How Foxconn Is Making Slaves Out Of Interns | Cult of Mac

How Foxconn Is Making Slaves Out Of Interns


Do they really love Foxconn, or were they forced to wear the shirts?

Crappy internships have become a sort of initiation process that American students subject themselves to in order to enter the workplace. Working for free for 4 months – making copies, fetching coffee, and filing paperwork – sounds like hell for a lot of American students, who love to complain about the hardships of their internships.

Well, turns out American interns have a pretty beautiful life compared to their Chinese counterparts at Foxconn who are forced into internships that resemble slave labor and are told they will not graduate unless they spend months working on the production lines.

Campaigners in China are accusing Apple, Foxconn, and the Fair Labor Association (FLA) of ignoring the issue of forced internships that are a gross violation of human rights. Foxconn hires an average of 27,000 interns a month to assemble Apple devices, yet interns have fewer rights than Foxconn employees, many of whom are studying nursing, languages, music and art… in other words, fields in which an internship at Foxconn will not be helpful.

According to reports from Students and Scholars Against Corporate Misbehavior (SACOM), student interns are being forced into three- and six-month internships at Foxconn, during which many experience 10-hour days and seven-day work weeks. Universities are acting more like employment agencies than places of learning, funneling students into Foxconn’s factories by telling them they must work at the factory in order to graduate.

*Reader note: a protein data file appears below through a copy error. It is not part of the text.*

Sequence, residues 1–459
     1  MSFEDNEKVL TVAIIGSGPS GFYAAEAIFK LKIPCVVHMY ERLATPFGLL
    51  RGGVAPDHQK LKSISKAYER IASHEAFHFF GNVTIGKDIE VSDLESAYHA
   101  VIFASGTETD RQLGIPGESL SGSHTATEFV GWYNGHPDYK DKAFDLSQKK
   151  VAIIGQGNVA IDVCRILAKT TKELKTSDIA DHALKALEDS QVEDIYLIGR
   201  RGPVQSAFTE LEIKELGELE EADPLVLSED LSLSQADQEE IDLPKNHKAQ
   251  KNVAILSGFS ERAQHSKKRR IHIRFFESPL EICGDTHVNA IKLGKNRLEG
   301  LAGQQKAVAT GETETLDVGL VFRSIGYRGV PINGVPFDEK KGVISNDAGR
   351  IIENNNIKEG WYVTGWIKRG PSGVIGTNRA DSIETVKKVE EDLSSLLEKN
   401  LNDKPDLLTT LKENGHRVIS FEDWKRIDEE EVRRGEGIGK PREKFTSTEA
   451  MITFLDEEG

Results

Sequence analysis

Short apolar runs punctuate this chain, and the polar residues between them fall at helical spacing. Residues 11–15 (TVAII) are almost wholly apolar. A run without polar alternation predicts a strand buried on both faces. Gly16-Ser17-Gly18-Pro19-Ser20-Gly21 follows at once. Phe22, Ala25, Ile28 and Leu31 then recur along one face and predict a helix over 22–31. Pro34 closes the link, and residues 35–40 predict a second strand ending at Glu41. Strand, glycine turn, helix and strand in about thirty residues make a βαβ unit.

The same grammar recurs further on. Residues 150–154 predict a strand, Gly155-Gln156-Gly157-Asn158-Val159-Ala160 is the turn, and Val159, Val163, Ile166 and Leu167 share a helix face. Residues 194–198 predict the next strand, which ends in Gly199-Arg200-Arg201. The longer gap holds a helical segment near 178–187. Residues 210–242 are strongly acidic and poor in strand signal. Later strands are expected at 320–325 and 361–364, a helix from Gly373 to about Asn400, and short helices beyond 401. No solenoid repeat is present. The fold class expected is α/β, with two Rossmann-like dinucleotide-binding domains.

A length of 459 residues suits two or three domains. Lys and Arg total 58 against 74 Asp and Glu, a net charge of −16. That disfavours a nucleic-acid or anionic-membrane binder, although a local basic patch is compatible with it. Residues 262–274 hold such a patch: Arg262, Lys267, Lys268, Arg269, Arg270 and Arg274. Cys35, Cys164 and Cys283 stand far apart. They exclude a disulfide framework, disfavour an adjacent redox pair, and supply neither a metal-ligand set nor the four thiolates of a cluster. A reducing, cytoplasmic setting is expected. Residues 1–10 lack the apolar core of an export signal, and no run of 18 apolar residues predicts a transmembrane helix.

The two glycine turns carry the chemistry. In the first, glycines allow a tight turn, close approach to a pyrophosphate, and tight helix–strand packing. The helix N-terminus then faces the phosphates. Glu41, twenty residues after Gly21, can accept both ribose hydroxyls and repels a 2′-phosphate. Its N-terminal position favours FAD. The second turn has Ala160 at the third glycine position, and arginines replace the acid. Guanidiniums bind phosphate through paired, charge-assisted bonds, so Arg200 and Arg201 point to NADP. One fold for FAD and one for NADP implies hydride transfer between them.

The FLA described the hiring of interns as a “source of much controversy” but failed to highlight the seriousness of the issue. The FLA even admits that regulating intern’s rights is tricky because under Chinese labor laws they are not classified as employees, and no employment relationship exists between the factory and interns. This makes interns the most vulnerable to abuse while also being the least protected because of loopholes in Chinese labor laws that Foxconn can exploit.

Many students in “First World” countries are used to working menial jobs for an opportunity to get their foot in the door. But the problem with Foxconn’s treatment of their interns isn’t that the jobs are menial, it’s that they are forced into an experience that isn’t relevant to their education, they’re working longer hours than employees for doing the same work, and their rights are practically unprotected. Being forced to slave away in a factory for 6-months just so you can get your art degree is completely worthless when you have no desire to get a job in manufacturing or tech after graduation.

What do you think? Are the Foxconn interns mistreated, or is this no different than the experience of students across the globe?

[via The Guardian]